We are now in year five of the new reality in which the Royals are good at baseball and among their consistent strengths has been depth and balance.
This has never been a team that needed a certain starter to win his game every time through the rotation, or one guy to carry the offense. The closest they ever came to such an arrangement would’ve been the reliance on the bullpen in the HDH years, but even that was three guys, not one.
All that said, some players are more important than others, and any conversation about the most irreplaceable Royal would center around Salvador Perez.
My choice, for whatever it’s worth, would be Lorenzo Cain. I just believe he’s their best all-around player, a guy who can win a game with his glove, legs, or bat, and that the lineup works so much better with him in it. I don’t think it’s a coincidence that last season dipped when he went on the disabled list.
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But even then, that’s more of an argument for Cain than against Perez*. The point is the Royals can’t well afford losing any of the core for long, even as the numbers game give them a little cushion.
* Or Eric Hosmer (their best hitter) or Mike Moustakas (their best power hitter) or Danny Duffy (their best pitcher) or even Whit Merrifield (who’s been terrific and filled what would’ve otherwise been a significant hole in the lineup).
Perez is second on the team in home runs, and is widely regarded as one of the game’s best defensive catchers. Having a catcher with power or game-affecting defense is a significant advantage. Having both, in one guy, is a building block for a world champion.
The Royals have lost two of three since Perez went on the disabled list, which is both an insignificantly small sample size and all we have to go on. We’ll get into this more below, but Drew Butera is a fine backup, but there are reasons he’s never made more than 75 starts in a season and those reasons are more than just “Ned would play Perez 262 games a year if he could.”
Butera is a 150-point drop in OPS from Perez, made a throwing error Monday night, and has had a bizarre recent struggle in catching the ball.
The Royals have covered injuries before, most notably when Eric Hosmer missed four weeks with a broken hand in 2014 and the team took off without him. I’ll never forget how bummed the front office was then. It was just after the trade deadline, and they’d tried to add a bat, but nothing went through.
Part of the logistical challenge was that Billy Butler wasn’t hitting, and the Royals couldn’t move him, which in a way meant that Butler’s contract and market value was preventing the Royals from effectively solving the problem of his lack of production.
Well, then, after hitting .264/.316/.356 through Aug. 2, Butler didn’t hurt the Royals defensively in replacing Hosmer’s glove, and hit .337/.396/.533 over the next 24 games. The Royals won 18 of those games.
Nobody would’ve predicted that surge, and nobody should expect something similar now.
There’s a very real possibility that if the Royals miss the playoffs by a game or two, we’ll look back at Perez’s injury as the thing that did them in.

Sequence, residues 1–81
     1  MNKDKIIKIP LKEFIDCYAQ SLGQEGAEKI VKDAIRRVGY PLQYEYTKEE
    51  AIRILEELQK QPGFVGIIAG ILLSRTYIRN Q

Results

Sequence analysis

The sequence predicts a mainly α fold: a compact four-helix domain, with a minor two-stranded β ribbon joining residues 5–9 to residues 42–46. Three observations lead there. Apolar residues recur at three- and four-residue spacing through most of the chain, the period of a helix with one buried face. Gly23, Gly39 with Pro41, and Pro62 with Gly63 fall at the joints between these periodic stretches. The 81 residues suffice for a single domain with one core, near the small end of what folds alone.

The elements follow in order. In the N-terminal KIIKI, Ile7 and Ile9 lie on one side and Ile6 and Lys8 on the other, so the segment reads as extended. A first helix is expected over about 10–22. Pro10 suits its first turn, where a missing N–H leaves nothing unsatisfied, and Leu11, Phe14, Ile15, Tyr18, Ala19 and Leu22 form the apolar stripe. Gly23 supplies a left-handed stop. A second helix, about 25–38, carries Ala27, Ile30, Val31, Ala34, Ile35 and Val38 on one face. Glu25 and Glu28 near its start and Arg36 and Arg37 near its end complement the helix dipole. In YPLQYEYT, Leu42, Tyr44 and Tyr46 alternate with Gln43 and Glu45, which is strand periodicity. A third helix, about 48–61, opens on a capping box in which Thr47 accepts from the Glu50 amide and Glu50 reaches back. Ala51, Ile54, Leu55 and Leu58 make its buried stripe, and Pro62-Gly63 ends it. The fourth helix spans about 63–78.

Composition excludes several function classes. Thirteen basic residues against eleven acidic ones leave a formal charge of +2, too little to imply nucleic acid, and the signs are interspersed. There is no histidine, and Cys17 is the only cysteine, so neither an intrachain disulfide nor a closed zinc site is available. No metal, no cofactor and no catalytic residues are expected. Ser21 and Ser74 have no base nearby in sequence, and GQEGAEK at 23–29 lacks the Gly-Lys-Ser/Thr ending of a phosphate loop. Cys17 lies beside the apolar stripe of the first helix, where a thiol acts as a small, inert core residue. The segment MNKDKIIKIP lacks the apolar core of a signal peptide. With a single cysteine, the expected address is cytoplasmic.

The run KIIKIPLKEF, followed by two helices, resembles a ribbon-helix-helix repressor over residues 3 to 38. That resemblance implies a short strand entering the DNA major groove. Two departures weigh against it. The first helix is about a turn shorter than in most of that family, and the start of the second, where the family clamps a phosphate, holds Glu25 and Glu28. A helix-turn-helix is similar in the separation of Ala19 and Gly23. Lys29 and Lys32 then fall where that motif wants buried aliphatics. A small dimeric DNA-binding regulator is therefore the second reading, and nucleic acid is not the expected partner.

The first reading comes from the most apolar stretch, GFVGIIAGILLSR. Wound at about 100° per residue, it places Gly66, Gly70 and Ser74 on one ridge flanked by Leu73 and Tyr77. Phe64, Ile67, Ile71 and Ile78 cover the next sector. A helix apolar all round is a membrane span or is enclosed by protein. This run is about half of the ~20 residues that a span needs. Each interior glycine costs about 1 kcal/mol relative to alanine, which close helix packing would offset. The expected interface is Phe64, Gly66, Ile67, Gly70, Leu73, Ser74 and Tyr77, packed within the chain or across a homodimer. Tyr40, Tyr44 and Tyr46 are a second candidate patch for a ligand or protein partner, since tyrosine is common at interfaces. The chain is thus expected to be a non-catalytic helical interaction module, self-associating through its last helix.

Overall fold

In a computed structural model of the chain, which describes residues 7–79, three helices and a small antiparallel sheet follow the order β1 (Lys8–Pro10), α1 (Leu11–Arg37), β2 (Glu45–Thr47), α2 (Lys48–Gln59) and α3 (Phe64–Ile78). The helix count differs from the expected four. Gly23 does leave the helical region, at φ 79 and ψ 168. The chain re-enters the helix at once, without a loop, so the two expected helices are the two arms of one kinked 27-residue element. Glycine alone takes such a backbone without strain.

But this group is nothing if not unpredictable, resilient, and at its collective best when challenged.
This week’s reading recommendation is my friend Liz Merrill on the girl who saved a small Texas high school’s football season, and the eating recommendation is the breakfast sandwich at Heirloom.
The quarterback is always the thing, but I’m going to quibble with your premise here because I don’t believe Alex Smith can completely change the outlook based on performance.
Matter of fact, I believe that all predictions are inherently flawed, and the vast majority are wrong, but assuming health — we’re all adults here, so we can agree that injuries change everything — I can tell you with a great degree of certainty how Smith will perform this year.
He’ll complete around 325 of 500 passes, throw for around 3,500 yards, 15 to 20 touchdowns and seven interceptions. He’ll play cautiously, make a few mistakes, make a few big plays, and help the Chiefs to around 10 wins.
I know this, of course, because this is what he’s done the last four years. This is who he is, and what he is.
You’re not getting Aaron Rodgers out of him, and you’re not getting Matt Cassel.
So my answer is going to be different.
I believe Travis Kelce and Tyreek Hill will have big years, that the offensive line will be improved, that Bennie Logan will be better than people realize, that Eric Berry will be great and Marcus Peters will be both great and endlessly entertaining. I believe they’ll be 20th or below in both run offense and run defense. I believe their special teams won’t be as good as last year, largely because Hill won’t be taking as many returns.
But I don’t know that there is a lot of intrigue in any of that. Seems fairly straightforward to me.
I do think there’s something out there, though, something that could go a ways toward swinging the season but before I mention it I’d like to drop a little disclaimer here that all of us — media, fans, even scouts and personnel men — often overstate the importance of one factor.
NFL teams have 53 players, with something like 75 snaps on each side of the ball, plus special teams, 16 times a year, which means more than one factor will swing a season.
All that said — Justin Houston’s knee, you guys.
If he’s fully healthy — and I mean 100 percent, not 90 or 95 — then he is one of the best five or so defensive players in football. He’s filthy rich and relatively famous because of the 22 sacks in 2014, but he’s a vastly underrated run defender, and fundamentally changes the way games are played when he’s on the field.